Neben den Stücken mit klar umschriebener Konzeption gibt es spontan im Studio als Improvisationen entstandene Tracks. Das Titelstück Behind Her Eyes gehört dazu und unterstreicht in schöner Vielschichtigkeit den offenen Ansatz dieses Trios mit seinem großen Interpretationsfreiraum und dem Verzicht auf eng Festgezurrtes.

Letztlich muss die Musik für sich selber sprechen, wie Miles Davis immer betonte. In diesem Sinne ist Behind Her Eyes ein äußerst beredtes Album. Thomas Fitterling

1 Edgewise (feat. Stefan Schultze & Tom Rainey) 3:41
2 Capucine (feat. Stefan Schultze & Tom Rainey) 7:21
3 Lucky Number (feat. Stefan Schultze & Tom Rainey) 5:57
4 Flood (feat. Stefan Schultze & Tom Rainey) 4:40
5 Behind Her Eyes (feat. Stefan Schultze & Tom Rainey) 2:42
6 Tong-Gu (feat. Stefan Schultze & Tom Rainey) 8:26
7 Core (feat. Stefan Schultze & Tom Rainey) 3:01
8 Silent Song (feat. Stefan Schultze & Tom Rainey) 7:32
9 Whereabouts (feat. Stefan Schultze & Tom Rainey) 3:06
10 Blatny (feat. Stefan Schultze & Tom Rainey) 5:41
11 While You Sleep (feat. Stefan Schultze & Tom Rainey) 3:44

Peter Ehwald: tenor saxophone
Stefan Schultze: piano
Tom Rainey: drums


Axel Mårdsjö - New Modernism (ABROVINSCH RECORDS 2017)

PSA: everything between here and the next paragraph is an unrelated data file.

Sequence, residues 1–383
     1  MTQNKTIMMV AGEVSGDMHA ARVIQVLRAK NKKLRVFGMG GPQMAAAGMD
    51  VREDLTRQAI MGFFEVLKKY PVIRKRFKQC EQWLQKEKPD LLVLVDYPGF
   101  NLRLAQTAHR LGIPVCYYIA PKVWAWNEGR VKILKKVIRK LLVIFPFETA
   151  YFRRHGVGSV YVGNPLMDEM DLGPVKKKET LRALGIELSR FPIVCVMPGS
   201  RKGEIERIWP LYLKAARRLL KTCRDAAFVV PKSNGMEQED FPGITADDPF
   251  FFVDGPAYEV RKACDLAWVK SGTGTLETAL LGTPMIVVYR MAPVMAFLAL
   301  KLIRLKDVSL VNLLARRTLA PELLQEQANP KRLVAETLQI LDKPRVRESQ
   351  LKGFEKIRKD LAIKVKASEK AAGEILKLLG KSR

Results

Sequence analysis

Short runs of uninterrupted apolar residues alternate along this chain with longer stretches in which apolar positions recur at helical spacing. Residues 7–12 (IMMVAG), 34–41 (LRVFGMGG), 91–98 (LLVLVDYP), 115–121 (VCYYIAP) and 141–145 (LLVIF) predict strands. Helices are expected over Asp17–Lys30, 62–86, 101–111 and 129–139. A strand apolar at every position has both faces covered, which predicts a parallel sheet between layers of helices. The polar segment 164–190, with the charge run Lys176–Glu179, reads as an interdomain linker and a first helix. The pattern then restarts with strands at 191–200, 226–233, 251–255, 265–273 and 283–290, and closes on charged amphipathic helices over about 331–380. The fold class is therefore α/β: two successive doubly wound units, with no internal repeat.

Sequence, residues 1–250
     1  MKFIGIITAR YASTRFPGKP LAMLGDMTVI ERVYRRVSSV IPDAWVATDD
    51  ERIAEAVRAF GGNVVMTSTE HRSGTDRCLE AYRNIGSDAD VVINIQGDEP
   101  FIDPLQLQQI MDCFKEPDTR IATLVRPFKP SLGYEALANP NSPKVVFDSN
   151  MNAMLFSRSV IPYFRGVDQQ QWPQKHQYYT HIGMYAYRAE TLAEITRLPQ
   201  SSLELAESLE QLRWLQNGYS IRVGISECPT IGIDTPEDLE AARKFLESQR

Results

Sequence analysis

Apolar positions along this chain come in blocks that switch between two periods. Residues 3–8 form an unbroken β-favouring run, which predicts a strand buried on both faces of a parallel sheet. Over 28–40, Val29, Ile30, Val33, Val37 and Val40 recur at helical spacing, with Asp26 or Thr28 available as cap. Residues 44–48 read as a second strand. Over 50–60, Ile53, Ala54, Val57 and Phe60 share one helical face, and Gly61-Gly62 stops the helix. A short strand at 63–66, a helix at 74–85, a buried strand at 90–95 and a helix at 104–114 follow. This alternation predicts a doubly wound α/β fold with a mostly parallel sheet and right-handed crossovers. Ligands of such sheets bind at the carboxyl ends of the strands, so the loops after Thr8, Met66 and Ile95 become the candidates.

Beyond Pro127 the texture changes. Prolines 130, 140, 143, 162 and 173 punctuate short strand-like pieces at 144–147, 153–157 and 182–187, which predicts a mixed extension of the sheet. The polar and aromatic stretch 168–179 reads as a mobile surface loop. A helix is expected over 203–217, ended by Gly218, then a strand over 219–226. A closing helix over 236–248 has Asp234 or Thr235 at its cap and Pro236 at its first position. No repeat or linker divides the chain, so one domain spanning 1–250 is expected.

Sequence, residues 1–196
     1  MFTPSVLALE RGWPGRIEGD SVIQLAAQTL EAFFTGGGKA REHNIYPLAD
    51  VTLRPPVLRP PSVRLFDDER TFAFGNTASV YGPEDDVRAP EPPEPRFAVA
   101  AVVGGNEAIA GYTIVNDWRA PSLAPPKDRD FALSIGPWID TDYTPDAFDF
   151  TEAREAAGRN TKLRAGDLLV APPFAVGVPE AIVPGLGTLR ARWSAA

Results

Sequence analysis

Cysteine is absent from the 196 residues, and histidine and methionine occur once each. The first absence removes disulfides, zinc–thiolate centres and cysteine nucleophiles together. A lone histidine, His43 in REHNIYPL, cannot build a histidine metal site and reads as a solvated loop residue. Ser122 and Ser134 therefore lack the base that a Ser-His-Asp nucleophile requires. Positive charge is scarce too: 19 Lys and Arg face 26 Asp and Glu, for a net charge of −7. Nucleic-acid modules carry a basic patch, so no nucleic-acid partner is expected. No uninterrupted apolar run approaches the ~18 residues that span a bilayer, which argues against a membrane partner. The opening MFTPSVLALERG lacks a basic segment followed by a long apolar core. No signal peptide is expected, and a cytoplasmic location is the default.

This is the wonderful debut from Swedish sax-player and composer extraordinaire, Axel Mårdsjö. The album was recorded live in concert at Artisten in Gothenburg, in the end of May 2017. With him on stage is some of the finest contemporary jazz musicians that you can find in Gothenburg, and it's evident in the sound.

The compositions show a wide range of Axel's musicality and skill as a composer. Layered rythms are mixed with complex and beautiful harmony. Allways highly musical and allways swinging.

1 Layers 9:41
2 Desert Song 9:17
3 A R 0:55
4 Pentacruel 6:31
5 Murviel Les Beziers 9:39
6 Velour 7:15
7 Hoary 6:08
8 A L 2:07
9 Time Machine 9:17

Axel Mårdsjö - Alto sax and composition
Olof Wullt - Guitars
Adam Lindbom - Double Bass
Stefan Wingefors - Piano
Adam Ross - Drums

martes, 12 de diciembre de 2017

Joe McPhee / Pascal Niggenkemper / Stale Liavik Solberg - Imaginary Numbers (CLEAN FEED RECORDS 2017)